Skip to Content

For children with special needs, what do the Guidelines of the Cincinnati Children's Hospital (U.S.) recommend?

For children with special needs, what do the Guidelines of the Cincinnati Children's Hospital (U.S.) recommend?

14/01/2016

Anything that may be written or said about child safety rarely takes into account that they are the most vulnerable people in the vehicle. At Fundación MAPFRE we are very aware of the importance of explaining to parents and guardians the need for children to ride in cars with the most protection.

On this occasion we echo the Guidelines of the Cincinnati Children's Hospital in Ohio, United States (link), in which special attention is paid to children with special needs. The thing is that, much to our dismay, conventional car seats do not cover the needs of these children. This organization is one of the few that encourages the development of pediatric-only guidelines that have become reference resources.

We have told you about the different systems available on the market for children with special needs to ride in cars protected and the most comfortable possible. However, it is also important to follow a series of recommendations:

  • The design of a child safety seat must never be modified and the use indicated in its instruction manual must not be deviated from – unless it was subjected to a series of crash tests and is approved for this special use.
  • The seats that better support the trunk and protect are those with a five-point internal harness.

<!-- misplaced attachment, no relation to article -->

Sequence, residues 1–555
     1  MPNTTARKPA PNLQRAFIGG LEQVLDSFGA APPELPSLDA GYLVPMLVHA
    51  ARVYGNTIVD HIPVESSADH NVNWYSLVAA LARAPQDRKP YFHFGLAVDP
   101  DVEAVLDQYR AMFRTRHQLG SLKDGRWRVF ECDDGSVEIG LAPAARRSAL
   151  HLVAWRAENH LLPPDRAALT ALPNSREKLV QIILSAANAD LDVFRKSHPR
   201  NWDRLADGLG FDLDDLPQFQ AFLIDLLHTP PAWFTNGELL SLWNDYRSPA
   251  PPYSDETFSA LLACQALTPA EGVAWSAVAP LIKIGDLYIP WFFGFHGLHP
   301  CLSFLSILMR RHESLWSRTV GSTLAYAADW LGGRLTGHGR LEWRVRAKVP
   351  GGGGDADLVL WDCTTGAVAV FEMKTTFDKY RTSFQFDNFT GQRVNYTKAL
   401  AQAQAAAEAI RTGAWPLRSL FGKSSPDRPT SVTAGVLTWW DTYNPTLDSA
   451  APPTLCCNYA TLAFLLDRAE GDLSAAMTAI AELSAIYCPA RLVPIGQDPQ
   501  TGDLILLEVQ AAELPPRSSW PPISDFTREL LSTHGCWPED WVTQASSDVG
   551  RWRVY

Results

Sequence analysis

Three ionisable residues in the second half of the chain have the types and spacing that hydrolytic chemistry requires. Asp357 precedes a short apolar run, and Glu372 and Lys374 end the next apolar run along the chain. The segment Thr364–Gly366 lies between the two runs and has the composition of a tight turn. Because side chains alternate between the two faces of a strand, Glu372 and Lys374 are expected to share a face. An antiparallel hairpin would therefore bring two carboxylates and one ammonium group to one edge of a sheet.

• One solution to keep the baby's head from falling forward is to incline the back of the chair so it forms a 45º angle regarding the vertical, but only if the seat manufacturer allows it and this is mentioned in the instructions. For children who weigh more than 9 kilos with little head control, a convertible, front-facing seat with a reclinable back can be used.
  • To improve the lateral postural support of the body and head rolled up towels or blankets can be used. They can also be placed between the harness strap between the legs of the child and his/her body to keep him/her from sliding down in the chair, or even underneath the knees to elevate the legs.
  • Never use straps and other elements – independent of the rest of his/her body – to hold the child's head.
  • If medical equipment – monitors, oxygen tanks, suction machines, crutches, wheel chairs or ventilators – must be accommodated along with the child, it should be thoroughly fastened and secured in the vehicle. To do so, never use the same seatbelt as that which secures the child's seat. Take into account that the duration of the batteries of this medical equipment must be greater than double the estimated duration of the ride.

For active children, what do the guidelines recommend?

The Guidelines of the Cincinnati Children's Hospital recommends making frequent stops to rest and never to remove the child from his/her seat when the vehicle is moving. If the child needs a break, make a stop as soon as it is safe.

It is also important not to reward behaviors such as shouting or begging with exceptions to the aforementioned.

14/01/2016

Back to top